LCRA awards $25,000 grant to Ottine Volunteer Fire Department - LCRA - Energy, Water, Community LCRA awards $25,000 grant to Ottine Volunteer Fire Department - LCRA - Energy, Water, Community

LCRA awards $25,000 grant to Ottine Volunteer Fire Department

New cab and chassis will make aging brush truck more reliable

Dec. 6, 2022

LCRA representatives present a $25,000 grant to the Ottine Volunteer Fire Department for a new brush truck cab and chassis. The grant is part of LCRA’s Community Development Partnership Program. Pictured, from left to right, are: Robert Riley, firefighter; Donnie Grauke Jr., second assistant fire chief; John Everett, fire chief; James “Bubba” Boehm, VFD board member; Pam Walshak, VFD president; Debbie Everett, VFD secretary/treasurer; Margaret D. “Meg” Voelter, LCRA Board member; Ray Colmenares, VFD audit committee; Kay Floyd and Tine “DeDe” DeStefano, VFD board members; and Rick Arnic, LCRA Regional Affairs representative.
GONZALES COUNTY, Texas – The Ottine Volunteer Fire Department will be able to purchase a new cab and chassis for its 18-year-old brush truck, thanks in part to a $25,000 grant from the Lower Colorado River Authority.

The Community Development Partnership Program grant, along with $40,804 in matching funds from the department, will allow Ottine VFD to renovate its oldest brush truck to provide a faster and more reliable response to emergency calls and a safer vehicle for firefighters. The truck also will be used to respond to medical emergencies.

The department currently has an engine, tender and two brush trucks. Engines are primarily used for structure fires, wrecks and extrication, while brush trucks are used off-road to battle wildfires. The tender is used for water supply for all apparatus.

“Our oldest brush truck is from 2004 and has reached a point where it needs to be retired before it becomes a real safety issue,” Fire Chief John Everett said. “We’ve spent several thousand dollars in repairs in the last year and a half, but it keeps breaking down, and now we are having an overheating problem.”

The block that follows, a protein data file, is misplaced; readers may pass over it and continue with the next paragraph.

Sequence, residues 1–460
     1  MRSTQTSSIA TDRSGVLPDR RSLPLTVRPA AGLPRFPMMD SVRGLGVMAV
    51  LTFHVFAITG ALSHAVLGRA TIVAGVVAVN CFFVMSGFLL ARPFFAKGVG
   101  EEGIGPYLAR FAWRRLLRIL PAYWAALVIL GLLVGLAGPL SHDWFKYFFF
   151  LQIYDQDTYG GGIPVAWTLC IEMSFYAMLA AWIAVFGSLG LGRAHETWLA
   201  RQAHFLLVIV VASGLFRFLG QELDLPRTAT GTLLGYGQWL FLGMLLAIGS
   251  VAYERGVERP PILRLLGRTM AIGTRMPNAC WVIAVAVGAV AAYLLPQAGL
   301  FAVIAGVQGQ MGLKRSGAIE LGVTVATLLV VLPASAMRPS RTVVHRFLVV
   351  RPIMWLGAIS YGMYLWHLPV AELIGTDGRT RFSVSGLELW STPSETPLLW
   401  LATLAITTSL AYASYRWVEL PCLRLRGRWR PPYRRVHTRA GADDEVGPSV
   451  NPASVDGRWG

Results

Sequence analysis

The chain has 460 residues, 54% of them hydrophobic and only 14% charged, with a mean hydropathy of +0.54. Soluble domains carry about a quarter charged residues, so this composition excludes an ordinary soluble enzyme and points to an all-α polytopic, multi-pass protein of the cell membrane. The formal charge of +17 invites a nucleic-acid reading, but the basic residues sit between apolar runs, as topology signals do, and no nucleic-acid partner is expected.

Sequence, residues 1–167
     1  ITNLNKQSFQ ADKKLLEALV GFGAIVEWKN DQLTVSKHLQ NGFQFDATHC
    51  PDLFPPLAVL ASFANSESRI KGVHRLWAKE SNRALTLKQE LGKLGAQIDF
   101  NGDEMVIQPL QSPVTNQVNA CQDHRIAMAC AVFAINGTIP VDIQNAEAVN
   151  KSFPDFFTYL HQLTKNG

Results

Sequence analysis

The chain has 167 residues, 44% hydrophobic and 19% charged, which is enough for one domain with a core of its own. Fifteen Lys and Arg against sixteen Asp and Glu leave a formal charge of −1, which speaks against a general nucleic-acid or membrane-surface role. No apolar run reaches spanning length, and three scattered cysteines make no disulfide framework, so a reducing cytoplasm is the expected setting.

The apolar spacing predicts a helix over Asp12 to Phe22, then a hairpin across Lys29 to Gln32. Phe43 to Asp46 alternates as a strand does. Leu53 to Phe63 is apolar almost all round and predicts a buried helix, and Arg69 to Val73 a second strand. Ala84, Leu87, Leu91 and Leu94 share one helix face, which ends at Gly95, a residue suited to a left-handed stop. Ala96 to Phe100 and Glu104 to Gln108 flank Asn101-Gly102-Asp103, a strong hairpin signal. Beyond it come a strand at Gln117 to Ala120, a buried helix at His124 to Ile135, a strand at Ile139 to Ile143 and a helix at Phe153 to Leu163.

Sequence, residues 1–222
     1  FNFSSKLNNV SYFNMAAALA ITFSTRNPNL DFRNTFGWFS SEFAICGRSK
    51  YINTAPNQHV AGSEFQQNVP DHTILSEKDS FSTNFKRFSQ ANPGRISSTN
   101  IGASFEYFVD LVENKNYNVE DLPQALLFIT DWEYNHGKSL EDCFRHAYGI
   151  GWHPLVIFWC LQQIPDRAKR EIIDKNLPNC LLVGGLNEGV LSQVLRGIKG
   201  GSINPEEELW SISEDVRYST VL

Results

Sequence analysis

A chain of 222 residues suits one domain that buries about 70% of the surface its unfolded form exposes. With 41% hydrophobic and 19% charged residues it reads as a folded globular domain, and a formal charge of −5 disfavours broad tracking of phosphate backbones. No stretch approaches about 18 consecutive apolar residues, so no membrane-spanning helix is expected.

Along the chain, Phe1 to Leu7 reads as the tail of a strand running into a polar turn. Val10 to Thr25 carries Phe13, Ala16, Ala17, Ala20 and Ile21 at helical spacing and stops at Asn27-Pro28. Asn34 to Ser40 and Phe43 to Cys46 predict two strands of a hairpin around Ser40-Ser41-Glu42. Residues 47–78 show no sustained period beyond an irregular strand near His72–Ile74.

He said the truck has become unreliable.

“Sometimes you jump in the truck, turn over the key and it doesn’t start,” Everett said. “It’s such a bad feeling when that happens. When you go into a fire, you have a lot on your mind. You want to concentrate on that, instead of having to concentrate on whether the truck will start or if it will get to the fire.”

Everett said that the lack of functional equipment can discourage new volunteers.

“When you get good volunteers and invest time and money in cultivating them to become excellent firefighters, it is a tragedy to lose them because of old worn-out equipment,” Everett said.

With help from the grant, Everett said he hopes the department will be able to keep firefighters in a better frame of mind and increase the chances of retaining them in the VFD.

Buying a new brush truck would cost the fire department about $150,000. With the new cab and chassis, the department will reuse the bed of the existing brush truck.

“It’s pretty much like getting a brand-new truck, but at half of the cost,” Everett said.

The department has been trying for two years to replace the brush truck.

“When I found out that we got the grant I wanted to start hollering and jumping,” Everett said. “I couldn’t wait to get back to the house and tell my wife and message all the guys in the department. You don’t get grants like this every day, when something like this comes along you really appreciate it.”

Ottine VFD serves the Ottine and Harwood area and provides mutual aid to Belmont, Gonzales, Luling and Waelder, as well as other parts of Caldwell and Guadalupe counties. It serves additional areas when called upon by the Texas A&M Forest Service.

The community grant is one of 46 grants awarded recently through LCRA’s Community Development Partnership Program, which helps volunteer fire departments, local governments, emergency responders and nonprofit organizations fund capital improvement projects in LCRA’s wholesale electric, water and transmission service areas. The program is part of LCRA’s effort to give back to the communities it serves.

Applications for the next round of grants will be accepted in January. More information is available at

About LCRA
The Lower Colorado River Authority serves customers and communities throughout Texas by managing the lower Colorado River; generating and transmitting electric power; providing a clean, reliable water supply; and offering outdoor adventures at more than 40 parks along the Colorado River from the Texas Hill Country to the Gulf Coast. LCRA and its employees are committed to fulfilling our mission to enhance the quality of life of the Texans we serve through water stewardship, energy and community service. LCRA was created by the Texas Legislature in 1934 and receives no state appropriations. For more information, visit

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